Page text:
Downing Street is facing questions over whether the Prime Minister will show up for Wednesday’s Budget statement in the House of Commons wearing a face mask. In theory, there is no excuse for him not to.
Indeed, there is a good case for saying all MPs should cover up (unless they’re exempt), according to the government’s own guidance, when meeting in a crowded space, and there are few rooms more likely to be packed than the Commons chamber on Budget day.
Yet Johnson’s spokesperson declined to say what the premier will do when asked by journalists today. It is a matter for “individuals to decide” depending on their “circumstances”, and “I’m not going to pre-judge that”, the spokesperson said.
It’s an awkward question for No 10 and one that has already divided the cabinet. Sajid Javid, the Health Secretary, immediately answered in the affirmative when he was asked yesterday on BBC Radio 4’s Today programme if he would be wearing a face covering on the front bench when Rishi Sunak delivers the Budget. Jacob Rees-Mogg, the Leader of the Commons, is firmly flying the flag for those Tories who are sceptical about pandemic restrictions, saying masks aren’t necessary in the Commons.
The truth is, wearing a mask may send the right message to the public in relation to government guidelines. It might also help ministers avoid charges of setting a bad example. But it may not be politically necessary for Johnson himself, who is to some extent already immunised against charges of hypocrisy.
During the same briefing, for lobby journalists at Westminster, Johnson’s spokesperson was asked what steps the Prime Minister is taking in his own life to go green, with the Cop26 climate summit just a few days away. Again, the spokesperson had no examples to hand, instead offering a line about how much Johnson wished he could get on his bike and cycle more often than he’s currently allowed now that he is running the country.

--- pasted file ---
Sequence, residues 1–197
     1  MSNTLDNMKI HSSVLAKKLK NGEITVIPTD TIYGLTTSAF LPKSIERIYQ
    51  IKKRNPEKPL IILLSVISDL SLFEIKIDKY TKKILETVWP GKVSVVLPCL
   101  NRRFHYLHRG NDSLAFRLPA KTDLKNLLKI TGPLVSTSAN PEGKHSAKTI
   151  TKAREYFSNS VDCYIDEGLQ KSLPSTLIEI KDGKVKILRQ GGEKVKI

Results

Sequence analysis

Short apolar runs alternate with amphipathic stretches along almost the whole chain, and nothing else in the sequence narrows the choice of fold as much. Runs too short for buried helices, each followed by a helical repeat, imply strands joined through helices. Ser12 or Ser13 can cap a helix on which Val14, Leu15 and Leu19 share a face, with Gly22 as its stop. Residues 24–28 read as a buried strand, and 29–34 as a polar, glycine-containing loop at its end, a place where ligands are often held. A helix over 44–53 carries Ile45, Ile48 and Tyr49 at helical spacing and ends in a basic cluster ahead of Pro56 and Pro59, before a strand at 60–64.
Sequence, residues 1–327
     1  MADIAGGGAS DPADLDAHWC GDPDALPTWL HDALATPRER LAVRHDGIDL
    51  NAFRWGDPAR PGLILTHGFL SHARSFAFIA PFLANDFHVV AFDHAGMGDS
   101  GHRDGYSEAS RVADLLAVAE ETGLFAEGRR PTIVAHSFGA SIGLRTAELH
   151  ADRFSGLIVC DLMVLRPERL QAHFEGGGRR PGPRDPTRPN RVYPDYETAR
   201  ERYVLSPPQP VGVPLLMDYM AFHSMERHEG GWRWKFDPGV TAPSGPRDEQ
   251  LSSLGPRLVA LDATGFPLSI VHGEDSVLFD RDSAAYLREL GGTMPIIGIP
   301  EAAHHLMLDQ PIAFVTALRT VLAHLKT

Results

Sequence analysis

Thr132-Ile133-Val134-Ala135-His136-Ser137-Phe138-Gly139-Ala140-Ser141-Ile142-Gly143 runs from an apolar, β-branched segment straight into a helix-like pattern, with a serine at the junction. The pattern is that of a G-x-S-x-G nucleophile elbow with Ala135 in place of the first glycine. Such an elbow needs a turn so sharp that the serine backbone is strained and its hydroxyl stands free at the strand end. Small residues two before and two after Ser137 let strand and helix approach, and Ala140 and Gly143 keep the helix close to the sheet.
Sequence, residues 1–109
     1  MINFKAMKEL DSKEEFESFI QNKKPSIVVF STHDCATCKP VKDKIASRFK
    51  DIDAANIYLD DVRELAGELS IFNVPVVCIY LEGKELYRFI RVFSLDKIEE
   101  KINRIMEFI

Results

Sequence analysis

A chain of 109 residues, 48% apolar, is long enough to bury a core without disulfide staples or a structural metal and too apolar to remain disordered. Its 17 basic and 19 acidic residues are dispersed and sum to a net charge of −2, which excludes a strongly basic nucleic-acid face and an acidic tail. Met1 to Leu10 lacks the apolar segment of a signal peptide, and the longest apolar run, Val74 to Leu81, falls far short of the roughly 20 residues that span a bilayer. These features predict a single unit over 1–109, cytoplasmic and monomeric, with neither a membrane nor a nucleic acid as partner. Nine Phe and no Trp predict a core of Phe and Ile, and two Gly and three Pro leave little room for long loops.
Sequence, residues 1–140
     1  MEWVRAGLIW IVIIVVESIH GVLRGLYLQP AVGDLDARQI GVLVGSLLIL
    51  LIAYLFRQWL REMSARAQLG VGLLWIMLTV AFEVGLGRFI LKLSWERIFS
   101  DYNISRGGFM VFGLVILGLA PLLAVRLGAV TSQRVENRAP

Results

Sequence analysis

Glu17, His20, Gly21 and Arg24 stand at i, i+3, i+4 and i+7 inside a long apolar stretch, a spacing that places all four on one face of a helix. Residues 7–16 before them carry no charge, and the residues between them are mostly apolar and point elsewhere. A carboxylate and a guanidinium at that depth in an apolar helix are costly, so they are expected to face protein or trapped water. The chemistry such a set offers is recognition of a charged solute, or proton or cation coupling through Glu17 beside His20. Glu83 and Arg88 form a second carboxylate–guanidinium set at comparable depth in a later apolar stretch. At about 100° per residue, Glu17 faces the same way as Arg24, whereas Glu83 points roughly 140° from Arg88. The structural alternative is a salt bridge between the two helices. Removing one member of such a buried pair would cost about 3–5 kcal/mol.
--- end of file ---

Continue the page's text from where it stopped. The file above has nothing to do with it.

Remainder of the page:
There is an understandable media (and public) fascination with politicians who are susceptible to the charge of hypocrisy. It’s often deadly for politicians. Matt Hancock clung on for a day as health secretary but was soon out after being caught on CCTV flouting social distancing rules (as kissing is now known) with an aide in his ministerial office. Dominic Cummings became a national villain last year when he tried to explain (partially, it now seems) his justification for driving 260 miles to Durham while the rest of the country was ordered to stay home during the first lockdown.
But do the same rules apply to Johnson? He is a man who makes jokes about his own complicated family life (including how many children he has), gets away with past comments that many regard as racist, and remains ahead in the polls, despite putting up taxes and presiding over one of the world’s worst pandemic death tolls.
In truth, one of the things the public likes about Johnson is his willingness to behave as if normal rules don’t apply to him, and voters seem to understand that this means he can’t really be held up as a hypocrite for breaking them.
Even so, wearing a mask might ultimately be a popular move for the Prime Minister. Eight out of ten English voters would support bringing back mask-wearing in shops and on trains and buses, according to YouGov. There are likely to be tougher tests to come.